Monday, 22 February 2010

Daffodils

I wandered lonely as a cloud
That floats on high o'er vales and hills,
When all at once I saw a crowd,
A host, of golden daffodils;
Beside the lake, beneath the trees,
Fluttering and dancing in the breeze.

Continuous as the stars that shine
And twinkle on the milky way,
They stretched in never-ending line
Along the margin of a bay:
Ten thousand saw I at a glance,
Tossing their heads in sprightly dance.

The waves beside them danced; but they
Out-did the sparkling waves in glee:
A poet could not but be gay,
In such a jocund company:
I gazed--and gazed--but little thought
What wealth the show to me had brought:

For oft, when on my couch I lie
In vacant or in pensive mood,
They flash upon that inward eye
Which is the bliss of solitude;
And then my heart with pleasure fills,
And dances with the daffodils.

Three years ago yesterday, I read this poem to my dad in East Surrey Hospital. During his illness I had found it difficult to find things to occupy his bright, bright mind that didn't exhaust him. We tried a portable TV (no reception in the ward), short books (he couldn't sustain the effort of reading), and puzzles (too silly for my high-minded, cerebral father). 

But a day or so before my dad died, I was picking up things he needed before visiting the hospital and I came upon his battered copy of The Golden Treasury, the anthology of poetry he and so many of my father's generation were taught at school in the subcontinent, and which caused them to dream of an exotic, mysterious England. Naipaul says of this: "Wordsworth's notorious poem about the daffodil. A pretty little flower, no doubt; but we had never seen it. Could the poem have any meaning for us?" And yet the greats of English literature had a profound effect. My favourite Gias Uncle will quote Shakespeare with a reverence that he does not for Tagore. And my father would always go back to the Romantics. 

Ever-hungry for knowledge, my father would always squirrel away the books I read on my courses, including Benjamin, C. L. R. James, and Adorno. As a Maoist trained in economics, however, he'd always return my books on cultural Marxism to me with a dismissive, bemused shrug. My postcolonial literary works, he'd find too plaintive, and not "really literature." Duncan Wu's monumental Romanticism, on the other hand, was still on my dad's bookcase downstairs when I cleared it a few months ago, only for me to find receipts and other bits and pieces he used as bookmarks, underlinings and his beautiful, but generally illegible handwriting marking its pages.

And though by day I'm a postcolonial scholar with my head firmly in contemporary literature, the Romantics have been a source of joy my father and I always shared. As a pretentious undergraduate studying "Literature" I memorised Keats' odes, and after reading Tennyson aloud late at night, dreamt up an essay structure in fitful, hallucinatory sleep (I both cringe and am proud of this). I've a continuing affection for the poems, in whose lyrical beauty I can revel without deconstructing them for future articles.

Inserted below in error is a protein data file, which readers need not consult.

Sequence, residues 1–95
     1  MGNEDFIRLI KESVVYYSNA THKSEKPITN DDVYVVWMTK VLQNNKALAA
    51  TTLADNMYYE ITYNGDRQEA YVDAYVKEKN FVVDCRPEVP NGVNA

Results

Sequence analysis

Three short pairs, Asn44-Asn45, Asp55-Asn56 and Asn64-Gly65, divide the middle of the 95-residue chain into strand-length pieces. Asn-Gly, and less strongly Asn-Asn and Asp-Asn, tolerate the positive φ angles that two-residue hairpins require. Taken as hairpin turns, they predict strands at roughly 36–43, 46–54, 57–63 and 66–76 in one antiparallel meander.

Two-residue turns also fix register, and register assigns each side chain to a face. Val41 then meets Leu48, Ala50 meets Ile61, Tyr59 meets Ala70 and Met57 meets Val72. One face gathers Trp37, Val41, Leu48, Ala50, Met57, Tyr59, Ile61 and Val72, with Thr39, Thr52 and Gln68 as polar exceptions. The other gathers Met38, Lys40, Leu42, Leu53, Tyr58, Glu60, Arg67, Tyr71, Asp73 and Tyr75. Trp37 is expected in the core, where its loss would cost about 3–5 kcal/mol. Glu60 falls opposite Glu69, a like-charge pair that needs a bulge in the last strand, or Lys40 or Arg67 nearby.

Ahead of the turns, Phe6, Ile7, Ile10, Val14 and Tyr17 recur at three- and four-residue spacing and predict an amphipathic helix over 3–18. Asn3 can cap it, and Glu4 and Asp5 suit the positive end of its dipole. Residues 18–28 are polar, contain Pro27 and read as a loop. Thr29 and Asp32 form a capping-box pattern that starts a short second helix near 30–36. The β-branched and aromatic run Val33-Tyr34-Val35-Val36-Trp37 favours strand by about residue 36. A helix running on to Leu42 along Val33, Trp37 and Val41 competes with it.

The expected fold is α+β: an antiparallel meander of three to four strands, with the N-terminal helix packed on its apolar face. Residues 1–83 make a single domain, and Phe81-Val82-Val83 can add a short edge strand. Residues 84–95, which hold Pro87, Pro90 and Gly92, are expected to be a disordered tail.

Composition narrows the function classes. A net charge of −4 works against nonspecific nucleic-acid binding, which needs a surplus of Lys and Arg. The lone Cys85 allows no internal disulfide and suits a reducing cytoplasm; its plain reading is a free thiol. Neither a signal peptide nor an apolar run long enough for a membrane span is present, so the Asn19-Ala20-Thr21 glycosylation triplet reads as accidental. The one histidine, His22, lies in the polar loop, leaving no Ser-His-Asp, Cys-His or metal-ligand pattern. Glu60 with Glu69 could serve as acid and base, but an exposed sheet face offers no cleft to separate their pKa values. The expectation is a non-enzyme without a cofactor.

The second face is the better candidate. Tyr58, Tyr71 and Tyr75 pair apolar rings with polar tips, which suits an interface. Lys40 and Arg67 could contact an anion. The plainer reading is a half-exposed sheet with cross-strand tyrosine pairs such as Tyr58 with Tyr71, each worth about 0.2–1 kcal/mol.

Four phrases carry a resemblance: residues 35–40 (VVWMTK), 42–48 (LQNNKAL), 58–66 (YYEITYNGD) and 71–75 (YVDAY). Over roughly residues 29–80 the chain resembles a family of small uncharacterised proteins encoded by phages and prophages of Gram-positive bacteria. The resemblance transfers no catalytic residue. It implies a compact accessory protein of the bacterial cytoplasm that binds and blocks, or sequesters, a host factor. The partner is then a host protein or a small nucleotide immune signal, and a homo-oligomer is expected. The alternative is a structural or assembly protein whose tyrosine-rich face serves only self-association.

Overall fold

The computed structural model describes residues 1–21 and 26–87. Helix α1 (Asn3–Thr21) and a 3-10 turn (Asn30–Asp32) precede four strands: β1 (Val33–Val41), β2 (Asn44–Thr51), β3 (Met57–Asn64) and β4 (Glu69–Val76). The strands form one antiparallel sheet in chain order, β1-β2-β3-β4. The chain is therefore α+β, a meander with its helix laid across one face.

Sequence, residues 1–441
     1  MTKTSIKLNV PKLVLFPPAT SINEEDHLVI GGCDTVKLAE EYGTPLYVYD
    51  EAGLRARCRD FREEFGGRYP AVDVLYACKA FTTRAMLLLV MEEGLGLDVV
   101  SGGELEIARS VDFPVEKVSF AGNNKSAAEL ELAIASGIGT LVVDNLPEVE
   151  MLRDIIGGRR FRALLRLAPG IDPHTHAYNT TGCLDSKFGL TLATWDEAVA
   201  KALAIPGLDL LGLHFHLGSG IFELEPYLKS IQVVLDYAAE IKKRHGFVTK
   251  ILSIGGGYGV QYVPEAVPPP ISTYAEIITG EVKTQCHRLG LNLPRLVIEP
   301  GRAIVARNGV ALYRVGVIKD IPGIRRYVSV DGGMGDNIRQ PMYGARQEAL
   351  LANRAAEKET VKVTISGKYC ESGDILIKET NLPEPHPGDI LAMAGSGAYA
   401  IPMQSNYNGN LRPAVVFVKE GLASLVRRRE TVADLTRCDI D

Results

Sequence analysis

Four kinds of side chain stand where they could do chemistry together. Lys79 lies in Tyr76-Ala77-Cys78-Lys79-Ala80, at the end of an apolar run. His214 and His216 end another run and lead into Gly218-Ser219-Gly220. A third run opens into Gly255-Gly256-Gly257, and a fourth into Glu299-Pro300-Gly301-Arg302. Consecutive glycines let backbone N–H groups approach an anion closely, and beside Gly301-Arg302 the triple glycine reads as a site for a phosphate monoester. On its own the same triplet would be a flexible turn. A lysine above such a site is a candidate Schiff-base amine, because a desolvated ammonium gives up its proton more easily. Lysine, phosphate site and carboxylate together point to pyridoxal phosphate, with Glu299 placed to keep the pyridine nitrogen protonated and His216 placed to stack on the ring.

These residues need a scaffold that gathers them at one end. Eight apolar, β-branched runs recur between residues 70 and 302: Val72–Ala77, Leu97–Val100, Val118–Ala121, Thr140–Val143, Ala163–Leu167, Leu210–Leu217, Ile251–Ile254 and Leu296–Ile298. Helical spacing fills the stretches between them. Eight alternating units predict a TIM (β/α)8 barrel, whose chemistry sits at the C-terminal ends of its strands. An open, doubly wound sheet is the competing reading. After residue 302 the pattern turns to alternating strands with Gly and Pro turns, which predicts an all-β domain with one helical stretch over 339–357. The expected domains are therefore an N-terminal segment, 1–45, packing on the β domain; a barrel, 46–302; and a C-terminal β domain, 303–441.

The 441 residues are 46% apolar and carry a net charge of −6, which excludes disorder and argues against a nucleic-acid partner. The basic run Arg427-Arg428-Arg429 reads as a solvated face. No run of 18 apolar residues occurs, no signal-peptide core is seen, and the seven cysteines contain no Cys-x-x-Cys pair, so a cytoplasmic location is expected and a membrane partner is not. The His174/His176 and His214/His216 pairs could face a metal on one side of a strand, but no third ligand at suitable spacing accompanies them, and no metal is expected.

So I read Keats, Shelley and Wordsworth to him that morning, with feeling, and I think, well. The words seem to transport him, away from the clinical room and the pain, if but for moments. Recalling it I feel so honoured that I was able to do this little little thing, when throughout his life he had done so many things for me. 

Wordworth's poem has an enduring, poignant significance.* We are experiencing a very cold start to spring this year, but three years ago it was mild and the green-yellow daffodil buds were already beginning to peep from their leaves in our garden. We had hoped that my dad's stay in hospital was going to be brief, and I told him after reading the poem that on his return he would see them in bloom. He didn't, and so I'm always filled with a mixture of sadness and joy when I first see them, and another spring begins, without him.

*It is also the logo for Marie Curie Cancer Care, who throughout my dad's illness provided us with a level of support we will never be able to repay. So if you meet me, and I'm wearing my coat, you'll notice a daffodil brooch on my lapel, and you'll know now the many reasons why I wear it.




4 comments:

  1. This post has made me cry a little but also smile at the same time as i love this poem. I hope you are ok Naz xx

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  2. aww what a lovely heartfelt post.

    xx

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  3. Daffodils is one of my favorite poems of all times. I remember memorizing it in primary school and still to this day I know the words.
    You write so well and eloquent.
    I wish you the best as you cope with your loss dear.
    xx

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  4. I always say this, but you write so beautifully, with grace and tenderness.

    This was the first poem I ever memorised. I still think of it every spring when I see the gallant tattered Glasgow daffodils fighting their way out into the wind and rain!

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